Betty Phelps, a member of the Westboro Baptist Church, demonstrates outside the Supreme Court, Oct. 6, 2010.

Westboro Baptist Church Members 'Love' Rainbow Gay Pride House Next Door (For Now)

Fanatical anti-gay tour group gets a new neighbor.

Betty Phelps, a member of the Westboro Baptist Church, demonstrates outside the Supreme Court, Oct. 6, 2010.
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An apparent attempt to antagonize members of the tiny Westboro Baptist Church—by painting a giant gay pride flag onto a house across the street—seems to have failed.

Church member Shirley Phelps-Roper, a spokesperson and attorney for the fanatical touring group, told Kansas City TV station WDAF, "I just love it."

The rainbow house, Phelps-Roper said, "keeps the eyes of the whole earth on this message. Now everyday all people are thinking about is God will not have same-sex marriage."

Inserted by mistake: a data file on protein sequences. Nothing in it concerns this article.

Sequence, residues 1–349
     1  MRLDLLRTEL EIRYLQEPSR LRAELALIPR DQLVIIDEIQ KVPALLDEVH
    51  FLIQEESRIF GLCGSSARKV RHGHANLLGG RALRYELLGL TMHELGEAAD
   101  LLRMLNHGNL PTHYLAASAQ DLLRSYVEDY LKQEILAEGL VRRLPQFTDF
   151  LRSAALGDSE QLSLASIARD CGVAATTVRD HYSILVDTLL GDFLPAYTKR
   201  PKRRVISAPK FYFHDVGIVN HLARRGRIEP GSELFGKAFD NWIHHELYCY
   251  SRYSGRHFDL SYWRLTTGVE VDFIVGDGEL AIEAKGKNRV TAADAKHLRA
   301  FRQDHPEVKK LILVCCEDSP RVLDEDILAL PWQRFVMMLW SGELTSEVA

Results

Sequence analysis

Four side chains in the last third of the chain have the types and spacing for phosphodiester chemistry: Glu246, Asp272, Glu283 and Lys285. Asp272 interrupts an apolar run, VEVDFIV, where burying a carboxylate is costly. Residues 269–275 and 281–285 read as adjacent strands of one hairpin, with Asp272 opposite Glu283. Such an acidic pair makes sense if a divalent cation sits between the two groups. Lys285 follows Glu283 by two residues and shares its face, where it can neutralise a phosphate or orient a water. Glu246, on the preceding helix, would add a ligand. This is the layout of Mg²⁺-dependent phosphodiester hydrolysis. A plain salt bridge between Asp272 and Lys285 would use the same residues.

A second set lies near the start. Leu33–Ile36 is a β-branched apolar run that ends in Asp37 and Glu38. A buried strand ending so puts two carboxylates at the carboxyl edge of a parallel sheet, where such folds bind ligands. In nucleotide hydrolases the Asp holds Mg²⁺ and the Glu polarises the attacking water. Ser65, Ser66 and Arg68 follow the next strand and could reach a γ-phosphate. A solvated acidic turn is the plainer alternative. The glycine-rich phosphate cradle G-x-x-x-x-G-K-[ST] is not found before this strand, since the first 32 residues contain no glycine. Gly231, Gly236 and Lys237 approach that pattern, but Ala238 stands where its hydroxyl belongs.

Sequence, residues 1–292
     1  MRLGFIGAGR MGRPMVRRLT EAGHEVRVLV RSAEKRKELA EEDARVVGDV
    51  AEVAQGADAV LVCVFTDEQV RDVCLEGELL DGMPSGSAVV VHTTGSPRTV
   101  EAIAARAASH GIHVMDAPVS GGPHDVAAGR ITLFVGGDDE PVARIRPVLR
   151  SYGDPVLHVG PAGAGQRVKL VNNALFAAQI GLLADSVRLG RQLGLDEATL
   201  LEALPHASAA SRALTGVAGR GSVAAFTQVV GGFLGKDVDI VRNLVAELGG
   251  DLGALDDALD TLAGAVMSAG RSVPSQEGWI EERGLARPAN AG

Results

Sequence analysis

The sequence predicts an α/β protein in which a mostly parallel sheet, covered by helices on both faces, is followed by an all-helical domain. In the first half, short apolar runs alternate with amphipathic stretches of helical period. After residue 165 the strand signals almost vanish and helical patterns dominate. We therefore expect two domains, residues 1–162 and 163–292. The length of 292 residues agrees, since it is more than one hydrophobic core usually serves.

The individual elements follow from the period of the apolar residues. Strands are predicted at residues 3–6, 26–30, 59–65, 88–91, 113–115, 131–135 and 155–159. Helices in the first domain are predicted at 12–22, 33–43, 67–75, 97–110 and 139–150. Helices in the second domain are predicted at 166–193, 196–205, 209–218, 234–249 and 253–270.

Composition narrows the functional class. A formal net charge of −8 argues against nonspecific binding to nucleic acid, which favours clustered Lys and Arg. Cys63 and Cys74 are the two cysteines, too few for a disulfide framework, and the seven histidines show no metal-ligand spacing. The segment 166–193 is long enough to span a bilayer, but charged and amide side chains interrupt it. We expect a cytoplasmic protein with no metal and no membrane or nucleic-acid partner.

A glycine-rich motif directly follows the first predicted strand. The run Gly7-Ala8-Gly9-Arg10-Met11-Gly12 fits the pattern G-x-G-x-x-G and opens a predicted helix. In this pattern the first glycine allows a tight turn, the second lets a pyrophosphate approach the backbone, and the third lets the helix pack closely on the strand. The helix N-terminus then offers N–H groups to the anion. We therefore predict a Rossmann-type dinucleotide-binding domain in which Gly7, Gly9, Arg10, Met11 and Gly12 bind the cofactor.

[DEBATE CLUB: Should Same-Sex Marriage Be Legal?]

Six months ago, a non-profit called Planting Peace purchased the small Topeka, Kan., house for $83,000. The organization's founder, Aaron Jackson, told The Advocate, a gay news publication, the repainted house—which he calls The Equality House—will be used to support a variety of gay-themed causes, including anti-bullying efforts.

The Advocate notes that the new "drop-in" center is not only located by Westboro's church, but amid other houses on the street owned by congregation members.

[READ: Republican Senator Endorses Gay Marriage

The church is infamous for picketing the funerals of fallen soldiers with vulgar anti-gay signs and posters. They often picket for maximum exposure and are frequently greeted by irate locals.

The notoriety of the church far outpaces its actual influence. Most members are from a single family, related in some way to patriarch Fred Phelps. A significant stream of income for the church comes from lawsuits, many arguing that state and local laws—or enforcement of the laws—violate members' First Amendment rights.

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